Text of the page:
Tag Archives: magaki

FGS XVI: 1738

From among his miscellaneous poems.

くれぬるかまがきの竹のむらすずめねぐらあらそふ声さわぐなり

kurenuru ka
magaki no take no
murasuzume
negura arasou
koe sawagunari
Is it dusk?
Along the bamboo of my lattice fence
A flock of sparrows
Quarrelling over roosts
Is chirping noisily, indeed!

The Jōmyōji Minister of the Left
浄妙寺左大臣

A kuzushiji version of the poem's text.
Created with Soan.

Teishi-in ominaeshi uta’awase 03

Left

あきごとにさきはくれどもをみなへしけふをまつとのなにこそありけれ

aki goto ni
saki wa kuredomo
ominaeshi
kyō o matsu to no
na ni koso arikere
Every single autumn
Does her time to bloom arrive, yet
This maidenflower
Has been waiting for this day
Or so the rumour goes!

5[1]

Right

さやかにもけさはみえずやをみなへしきりのまがきにたちかくれつつ

sayaka ni mo
kesa wa miezu ya
ominaeshi
kiri no magaki ni
tachikakuretsutsu
Clearly
This morning I cannot glimpse
That maidenflower
In the mists along the brushwood fence
Ever does she hide herself away.

6[2]


[1] Shinsen man’yōshū 518

[2] Shinsen man’yōshū 540

San’i minamoto no hirotsune ason uta’awase 13

Colours of chrysanthemums at the base of a fence (籬菊色色)

Left

いろいろにうつろふ風のそがぎくはしなじなよはの霜やおくらん

iroiro ni
utsurou kaze no
sogagiku wa
shinajina yowa no
shimo ya okuran
Hues
Shifting with the breeze
Are the yellow chrysanthemums:
Is it because of night’s differing
Frostfall, perhaps?

A Court Lady
25

Right

おく霜にまがきのきくをみわたせばいろいろにこそうつろひにけれ

oku shimo ni
magaki no kiku o
miwataseba
iroiro ni koso
utsuroinikere
Frost has fallen upon
The chrysanthemums by the rough-hewn fence, and
When I gaze across them,
How their hues
Have faded away!

A Court Lady
26

Love V: 23

Left (Tie).
隔てける籬の島のわりなきに住む甲斐なしや千賀の塩釜

hedatekeru
magaki no shima no
warinasa ni
sumu kai nashi ya
chika no shiogama
Barring our way is
The fence – Magaki Isle:
So unreasonable
That living close is pointless, as if
We were at Chika’s salt-kilns!

Kenshō
885

Right.
忍ぶ草竝ぶ軒端の夕暮に思ひをかはすさゝがにの糸

shinobugusa
narabu nokiba no
yūgure ni
omoi o kawasu
sasagani no ito
A weeping fern lies
Between our almost touching eaves;
In the evening
Love will pass
Along the spider’s thread.

Ietaka
886

The Right state: the Left’s ‘Magaki Isle’ (magaki no shima) and ‘Chika’s salt kiln’s’ (chika no shiogama) do not seem that nearby, do they? They only evoke closeness through wordplay. The Right state: we find no faults to indicated in the Left’s poem.

In judgement: the Left’s ‘Magaki Isle’ and ‘Chika’s salt kilns’, even if they are not that close, do not display a lack of technique in the conception of the current composition. I do wonder what to think about ‘so unreasonable’ (warinasa ni), though. The Right’s weeping ferns, with the spider’s behaviour transmitting the feelings of love, does not seem unreasonable either. This round, too, the poems are comparable and should tie.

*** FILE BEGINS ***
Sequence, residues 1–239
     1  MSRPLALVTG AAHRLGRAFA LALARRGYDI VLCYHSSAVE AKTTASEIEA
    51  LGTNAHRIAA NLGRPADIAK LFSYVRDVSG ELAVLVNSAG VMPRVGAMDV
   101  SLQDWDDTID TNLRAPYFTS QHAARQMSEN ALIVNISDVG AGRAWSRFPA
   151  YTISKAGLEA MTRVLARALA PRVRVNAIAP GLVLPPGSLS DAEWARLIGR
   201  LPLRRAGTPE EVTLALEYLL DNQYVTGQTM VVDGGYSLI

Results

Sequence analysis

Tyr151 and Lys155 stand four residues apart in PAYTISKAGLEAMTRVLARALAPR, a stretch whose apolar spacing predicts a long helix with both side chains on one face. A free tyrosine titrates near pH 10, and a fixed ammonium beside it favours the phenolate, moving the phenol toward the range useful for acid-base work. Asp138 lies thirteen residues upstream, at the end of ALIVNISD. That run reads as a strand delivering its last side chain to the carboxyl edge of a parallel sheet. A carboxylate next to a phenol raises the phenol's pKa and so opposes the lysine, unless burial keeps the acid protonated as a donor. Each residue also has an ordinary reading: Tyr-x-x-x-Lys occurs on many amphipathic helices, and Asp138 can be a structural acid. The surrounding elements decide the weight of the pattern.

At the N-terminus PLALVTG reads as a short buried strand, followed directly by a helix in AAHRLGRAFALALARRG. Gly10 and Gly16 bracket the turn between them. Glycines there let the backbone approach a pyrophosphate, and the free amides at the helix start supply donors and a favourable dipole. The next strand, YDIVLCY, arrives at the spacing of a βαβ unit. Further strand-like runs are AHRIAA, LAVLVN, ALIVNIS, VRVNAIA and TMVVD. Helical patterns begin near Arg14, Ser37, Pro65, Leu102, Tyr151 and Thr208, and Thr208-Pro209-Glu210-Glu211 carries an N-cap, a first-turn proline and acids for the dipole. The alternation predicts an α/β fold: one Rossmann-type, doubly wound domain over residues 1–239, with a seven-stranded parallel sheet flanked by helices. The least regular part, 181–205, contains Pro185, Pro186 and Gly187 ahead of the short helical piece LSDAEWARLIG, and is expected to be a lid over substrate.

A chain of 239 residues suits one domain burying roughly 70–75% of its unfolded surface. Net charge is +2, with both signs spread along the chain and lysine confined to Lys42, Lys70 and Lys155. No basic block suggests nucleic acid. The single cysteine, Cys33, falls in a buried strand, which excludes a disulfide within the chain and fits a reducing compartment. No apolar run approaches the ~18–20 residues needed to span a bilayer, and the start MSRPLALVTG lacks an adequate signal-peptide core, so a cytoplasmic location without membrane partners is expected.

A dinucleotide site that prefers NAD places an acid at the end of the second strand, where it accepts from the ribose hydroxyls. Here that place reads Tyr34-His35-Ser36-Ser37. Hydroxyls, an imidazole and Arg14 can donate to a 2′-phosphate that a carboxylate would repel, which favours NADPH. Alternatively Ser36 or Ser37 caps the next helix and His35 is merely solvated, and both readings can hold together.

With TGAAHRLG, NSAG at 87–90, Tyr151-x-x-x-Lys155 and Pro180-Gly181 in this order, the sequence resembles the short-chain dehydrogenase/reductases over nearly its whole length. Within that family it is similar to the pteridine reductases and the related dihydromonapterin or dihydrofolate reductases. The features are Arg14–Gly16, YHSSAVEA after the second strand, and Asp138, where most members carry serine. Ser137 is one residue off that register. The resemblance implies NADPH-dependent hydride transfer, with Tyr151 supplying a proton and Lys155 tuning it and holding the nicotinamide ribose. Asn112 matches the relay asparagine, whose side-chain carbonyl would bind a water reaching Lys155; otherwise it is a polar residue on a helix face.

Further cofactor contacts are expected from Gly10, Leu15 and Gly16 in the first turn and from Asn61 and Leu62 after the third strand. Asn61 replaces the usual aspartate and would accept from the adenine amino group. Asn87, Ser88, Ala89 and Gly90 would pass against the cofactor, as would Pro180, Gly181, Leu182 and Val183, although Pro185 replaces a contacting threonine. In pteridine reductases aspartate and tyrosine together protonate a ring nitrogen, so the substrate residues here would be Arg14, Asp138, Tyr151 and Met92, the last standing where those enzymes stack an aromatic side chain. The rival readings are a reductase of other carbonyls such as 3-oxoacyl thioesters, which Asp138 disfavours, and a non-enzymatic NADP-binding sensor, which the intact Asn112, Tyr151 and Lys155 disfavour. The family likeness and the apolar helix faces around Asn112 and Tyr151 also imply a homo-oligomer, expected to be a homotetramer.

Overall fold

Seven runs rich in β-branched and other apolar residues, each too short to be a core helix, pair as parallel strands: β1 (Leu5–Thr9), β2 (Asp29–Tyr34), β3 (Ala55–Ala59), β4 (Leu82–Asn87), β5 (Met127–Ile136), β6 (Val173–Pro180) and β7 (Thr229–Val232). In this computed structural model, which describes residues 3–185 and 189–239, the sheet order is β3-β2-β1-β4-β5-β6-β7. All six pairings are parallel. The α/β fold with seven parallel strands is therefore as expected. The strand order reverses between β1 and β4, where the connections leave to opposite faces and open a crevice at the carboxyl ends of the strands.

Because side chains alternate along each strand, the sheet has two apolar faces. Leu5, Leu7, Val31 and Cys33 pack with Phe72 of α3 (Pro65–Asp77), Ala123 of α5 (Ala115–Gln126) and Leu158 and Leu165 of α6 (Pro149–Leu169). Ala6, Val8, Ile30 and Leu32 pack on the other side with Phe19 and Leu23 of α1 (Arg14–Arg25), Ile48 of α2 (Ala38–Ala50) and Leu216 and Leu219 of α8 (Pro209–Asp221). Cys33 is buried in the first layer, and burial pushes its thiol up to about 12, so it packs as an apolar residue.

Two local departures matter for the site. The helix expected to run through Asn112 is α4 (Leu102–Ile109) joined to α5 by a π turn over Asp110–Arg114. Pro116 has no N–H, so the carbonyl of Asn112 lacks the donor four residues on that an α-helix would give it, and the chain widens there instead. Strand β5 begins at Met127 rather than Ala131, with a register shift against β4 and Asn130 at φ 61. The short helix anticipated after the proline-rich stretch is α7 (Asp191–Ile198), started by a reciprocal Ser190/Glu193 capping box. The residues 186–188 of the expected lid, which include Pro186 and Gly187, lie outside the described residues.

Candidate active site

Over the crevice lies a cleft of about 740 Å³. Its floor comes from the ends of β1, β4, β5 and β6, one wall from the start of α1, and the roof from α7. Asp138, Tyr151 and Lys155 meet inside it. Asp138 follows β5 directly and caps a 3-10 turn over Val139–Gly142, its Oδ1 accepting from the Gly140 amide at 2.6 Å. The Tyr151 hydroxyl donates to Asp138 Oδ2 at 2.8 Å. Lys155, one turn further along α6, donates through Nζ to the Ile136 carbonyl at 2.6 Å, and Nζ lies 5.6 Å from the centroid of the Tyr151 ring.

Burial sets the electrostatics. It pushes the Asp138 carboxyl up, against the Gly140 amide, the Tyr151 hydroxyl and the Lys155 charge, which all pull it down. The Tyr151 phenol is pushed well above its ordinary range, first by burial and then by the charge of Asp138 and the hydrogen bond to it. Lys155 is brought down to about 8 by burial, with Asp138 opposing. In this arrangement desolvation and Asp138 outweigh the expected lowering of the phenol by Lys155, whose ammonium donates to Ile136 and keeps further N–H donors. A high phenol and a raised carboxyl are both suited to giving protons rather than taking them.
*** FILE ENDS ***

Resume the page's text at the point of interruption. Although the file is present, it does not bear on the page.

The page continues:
Autumn III: 15

Left.

今日といへばやがて籬の白菊ぞ尋し人の袖と見えける

kyō to ieba
yagate magaki no
shiragiku zo
tazuneshi hito no
sode to miekeru
On this day
At last, along my lattice fence
White chrysanthemums:
Seeming like the sleeves of
One who came to call…

Lord Kanemune.

449

Right.

さか月に浮べる今日の影よりやうつろひ初むる白菊の花

sakazuki ni
ukaberu kyō no
kage yori ya
uturoisomuru
shiragiku no hana
In my wine cup
Floating on this day:
Does the moonlight
Bring on changing hues
For white chrysanthemum blooms?

Ietaka.

450

The Right say that having the phrase ‘at last, along my lattice fence’ (yagate magaki no) continuing one from the other is ‘unsatisfactory’ [kokoroyukazu]. The Left say that the Right’s phrasing sounds as if the change in colour is brought about by the blossom floating in the wine cup, rather than the moonlight, and query if this is appropriate.

Shunzei’s judgement: Is the Left’s ‘at last, along my lattice fence’ that poor [ashiku ya wa]? Furthermore, the Right’s poem simply means ‘when floating in the wine cup’ the colours ‘change’. Neither poem has any conspicuous faults [tomo ni toganaku kikoyu]. The round should tie.

Autumn I: 30

Left.

朝まだき庭も籬も野分して露をきあがる草の葉もなし

asa madaki
niwa mo magaki mo
nowakishite
tsuyu okiagaru
kusa no ha mo nashi
At the cusp of dawn
My garden and my fence, too,
After the gales,
Are drenched in dew
Flattened blades of grass – every one.

Lord Ari’ie.

359

Right.

夕間暮むら雲迷ひ吹風に枕定めぬ花の色いろ

yūmagure
muragumo mayoi
fuku kaze ni
makura sadamenu
hana no iroiro
In the dim dusk light
Crowding clouds confusedly
Blown by the breeze
Unable to rest are all
The many blooms.

Lord Takanobu.

360

The Right state that ‘linking “gales” with “drenched” is a poor expression’, while the Left feel that they have no criticisms of the Right’s poem.

Shunzei, again, broadly agrees: ‘What are we to make of the Left’s poem with a fence left standing in a garden after a gale? The Right’s “crowding clouds confusedly” is fine, indeed. Although the term “pillow” is unsuitable in this context, the Left’s “drenched in dew” cannot possibly be right here, either, and so the Right wins.”

Autumn I: 24

Left (Win).

月ぞ澄む里はまことに荒れにけり鶉の床を拂ふ秋風

tsuki zo sumu
sato wa makoto ni
arenikeri
uzura no toko o
harau aki kaze
Clear shines the moon, dwelling
O’er a house truly
Gone to ruin;
The quail’s bed
Brushed by autumn breezes…

Lord Sada’ie.

347

Sada’ie’s poem alludes obliquely to a famous poetic exchange from the Kokinshū, initiated by Ariwara no Narihira.

Right.

繁き野と荒果てにける宿なれや籬の暮に鶉鳴く也

shigeki no to
arehatenikeru
yado nare ya
magaki no kure ni
uzura nakunari
Overgrown are these fields, and
Is that a deserted
Dwelling?
By the fence at evening time
The quails are crying.

Jakuren.

348

Both teams concur that there are no faults at all this round.

Shunzei agrees: ‘Both poems are on the theme of now deserted dwelling places and are equally beautiful in expression, with the Right’s work reminiscent of “Fushimi at evening time”, but this implies a broad vista, and is not “the fence at evening time” too narrow? The Left’s final section is better, and wins, I think.’